Yet, this summer I felt a compulsion to make the time. For several months, I’d been noticing Missouri trout dishes on what seemed like every menu in town. Each time I ordered this local fish, I felt a peculiar mix of nostalgia and guilt. In my early years, I only fished for the rush of the catch, taking for granted what I now realized I missed – the process, the plodding and the primal satisfaction of eating something I had caught.
No, I didn’t become a serious fisherman overnight just so I could order trout amandine at The Tavern with a clear conscience. In fact, my dad and I have only been able to squeeze in a few trips in the past few months, and we, mostly, didn’t catch much.
Sure, there’s been one or two A River Runs Through It moments where I would be standing in a cold, clear creek, listening to the swish of my line as it effortlessly danced across the cloudless, blue sky. After a cast, my fly disappeared, and I would yell to my dad, “I think I’ve got one!” I didn’t reel too fast, which would break the line, but instead allowed the 12-inch trout to run and dart and hurl its body through the air into brilliant, shimmering arcs. When I finally reeled it close, my dad landed it in his net, and we ran our hands over its wet, shiny skin, marveling over its beauty and noble fight. Then, without wincing, I cleaned it on the bank, using the technique my dad taught me. With just two cuts, one pull and one push, I removed its guts, gills, fins and bloodline so that in less than 30 seconds, it was ready for a grill.
More often though, I was squinting at a ball of line, once again, so inexplicably tangled that I had to break it off and retie my fly. Or I was slowly wading over to my dad, so he could pick out a new fly because I’d been watching the trout ignore mine for what felt like days. He’d pull one of the gazillion little boxes out of his fishing vest and trade my Wooly Bugger for another bizarrely named fly that was sure to get a bite, even though the last one came with the same vote of confidence. In my oversized footy pajama-looking waders, I’d stumble-step back to my spot while my dad warned me about not letting the trout “sense my presence.” Then, I’d watch the trout watch me as we’d start our song and dance all over again.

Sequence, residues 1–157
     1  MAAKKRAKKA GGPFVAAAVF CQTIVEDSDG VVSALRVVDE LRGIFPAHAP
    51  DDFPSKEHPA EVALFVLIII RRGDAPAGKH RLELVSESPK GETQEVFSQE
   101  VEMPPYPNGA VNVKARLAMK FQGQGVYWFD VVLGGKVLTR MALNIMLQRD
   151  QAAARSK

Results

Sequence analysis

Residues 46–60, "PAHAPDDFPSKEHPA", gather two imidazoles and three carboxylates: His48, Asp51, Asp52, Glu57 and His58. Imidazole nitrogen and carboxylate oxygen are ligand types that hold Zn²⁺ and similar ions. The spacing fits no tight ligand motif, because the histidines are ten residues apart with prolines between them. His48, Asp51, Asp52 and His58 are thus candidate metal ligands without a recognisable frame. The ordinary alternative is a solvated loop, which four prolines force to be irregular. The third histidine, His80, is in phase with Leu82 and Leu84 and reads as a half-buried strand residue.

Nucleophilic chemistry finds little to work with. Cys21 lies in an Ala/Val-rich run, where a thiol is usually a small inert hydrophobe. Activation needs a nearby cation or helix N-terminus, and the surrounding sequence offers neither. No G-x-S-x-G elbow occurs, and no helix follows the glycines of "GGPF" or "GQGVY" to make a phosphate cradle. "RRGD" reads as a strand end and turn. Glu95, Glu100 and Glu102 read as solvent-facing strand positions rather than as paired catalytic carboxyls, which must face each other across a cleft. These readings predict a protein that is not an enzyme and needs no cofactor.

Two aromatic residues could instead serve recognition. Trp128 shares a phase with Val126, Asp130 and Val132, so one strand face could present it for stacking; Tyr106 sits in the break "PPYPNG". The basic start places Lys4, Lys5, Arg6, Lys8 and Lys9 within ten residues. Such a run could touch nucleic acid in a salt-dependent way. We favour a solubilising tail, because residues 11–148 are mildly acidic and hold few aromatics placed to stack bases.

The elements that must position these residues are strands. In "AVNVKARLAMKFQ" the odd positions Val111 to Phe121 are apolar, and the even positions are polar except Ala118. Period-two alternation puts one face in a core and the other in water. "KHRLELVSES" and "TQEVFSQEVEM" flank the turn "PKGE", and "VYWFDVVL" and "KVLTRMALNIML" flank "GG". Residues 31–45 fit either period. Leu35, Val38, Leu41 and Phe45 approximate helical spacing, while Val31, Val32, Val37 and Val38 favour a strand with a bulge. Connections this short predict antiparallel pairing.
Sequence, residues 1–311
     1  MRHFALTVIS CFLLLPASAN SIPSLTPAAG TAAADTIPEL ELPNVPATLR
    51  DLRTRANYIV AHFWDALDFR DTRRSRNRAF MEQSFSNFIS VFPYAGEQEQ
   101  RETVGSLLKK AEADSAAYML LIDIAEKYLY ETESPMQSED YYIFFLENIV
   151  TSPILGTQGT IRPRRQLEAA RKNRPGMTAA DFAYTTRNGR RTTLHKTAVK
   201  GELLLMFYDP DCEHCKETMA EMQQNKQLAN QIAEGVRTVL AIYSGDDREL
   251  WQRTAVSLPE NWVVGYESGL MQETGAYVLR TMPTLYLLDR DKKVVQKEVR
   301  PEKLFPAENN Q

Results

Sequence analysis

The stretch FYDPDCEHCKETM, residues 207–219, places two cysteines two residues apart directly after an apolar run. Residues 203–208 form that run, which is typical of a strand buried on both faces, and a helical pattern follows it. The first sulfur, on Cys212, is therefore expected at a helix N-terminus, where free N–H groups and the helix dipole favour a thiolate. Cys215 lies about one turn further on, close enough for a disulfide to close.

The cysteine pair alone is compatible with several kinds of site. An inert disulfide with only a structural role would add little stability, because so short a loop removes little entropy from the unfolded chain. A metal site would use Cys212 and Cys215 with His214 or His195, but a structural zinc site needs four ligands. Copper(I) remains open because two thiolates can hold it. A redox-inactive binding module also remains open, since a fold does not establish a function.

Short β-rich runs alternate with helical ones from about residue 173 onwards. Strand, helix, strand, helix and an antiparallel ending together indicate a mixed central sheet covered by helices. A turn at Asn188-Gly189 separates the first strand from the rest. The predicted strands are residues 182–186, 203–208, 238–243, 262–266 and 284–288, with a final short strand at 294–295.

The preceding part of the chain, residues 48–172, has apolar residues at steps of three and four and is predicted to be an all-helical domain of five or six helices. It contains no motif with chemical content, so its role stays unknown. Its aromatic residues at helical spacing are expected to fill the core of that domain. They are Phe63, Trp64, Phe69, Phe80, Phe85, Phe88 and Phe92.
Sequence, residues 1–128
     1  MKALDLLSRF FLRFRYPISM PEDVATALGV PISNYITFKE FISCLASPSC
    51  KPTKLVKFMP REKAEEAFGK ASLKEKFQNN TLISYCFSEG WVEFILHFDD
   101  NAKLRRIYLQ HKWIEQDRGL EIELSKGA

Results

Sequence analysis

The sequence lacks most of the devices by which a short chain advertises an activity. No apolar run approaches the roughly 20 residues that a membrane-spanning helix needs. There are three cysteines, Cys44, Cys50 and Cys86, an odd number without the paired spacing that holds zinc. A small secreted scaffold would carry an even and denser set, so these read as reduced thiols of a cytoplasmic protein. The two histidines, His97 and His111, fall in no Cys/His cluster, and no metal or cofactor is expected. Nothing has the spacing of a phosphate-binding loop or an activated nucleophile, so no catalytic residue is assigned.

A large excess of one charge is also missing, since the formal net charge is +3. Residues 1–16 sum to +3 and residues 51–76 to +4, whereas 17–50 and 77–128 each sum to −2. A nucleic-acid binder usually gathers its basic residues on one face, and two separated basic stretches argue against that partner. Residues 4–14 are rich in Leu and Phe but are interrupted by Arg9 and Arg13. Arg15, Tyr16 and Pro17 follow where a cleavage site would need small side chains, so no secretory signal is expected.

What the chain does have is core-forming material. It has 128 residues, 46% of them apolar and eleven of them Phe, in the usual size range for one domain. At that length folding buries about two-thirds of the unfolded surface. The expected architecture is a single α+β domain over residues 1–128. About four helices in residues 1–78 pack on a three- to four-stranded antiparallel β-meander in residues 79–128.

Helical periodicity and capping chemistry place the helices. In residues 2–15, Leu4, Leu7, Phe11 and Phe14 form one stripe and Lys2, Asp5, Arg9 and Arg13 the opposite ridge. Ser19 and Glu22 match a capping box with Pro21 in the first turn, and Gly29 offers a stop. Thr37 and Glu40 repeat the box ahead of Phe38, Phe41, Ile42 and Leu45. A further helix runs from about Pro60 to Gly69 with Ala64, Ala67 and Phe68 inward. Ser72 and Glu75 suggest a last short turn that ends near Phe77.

But even after just a few outings – even when I don’t catch anything or the river is catch-and-release – I have rekindled my romance with the sport and the fruits of its labor. I can more clearly conjure the frustration of peering through clear water at a trout that refuses to bite and the consequent exaltation when one finally does. I can picture the tight loop my line makes on the rare perfect cast. I can imagine the strange sensation of cold water rushing around waders that keep my legs and feet bone dry. And I can marvel at the velvet touch of a trout belly when I’m holding it underwater, letting the water glide over its gills before releasing it back into the stream.
Even though I’ll never be the fisherman my dad is, catching fish for my family until their brains explode from too much vitamin D, the river calls me too. And by returning to the water, I remember my reverence for all it has given me.
Want to catch trout? Check out Missouri Department of Conservation’s website to plan your next outing: mdc.mo.gov/fishing/places-fish/trout-areas.. But before you go, learn to tie your own flies and master the basic fly-fishing cast at T. Hargrove Fly Fishing Inc., located at 9024 Manchester Road: thargrove.com/flytycst.html.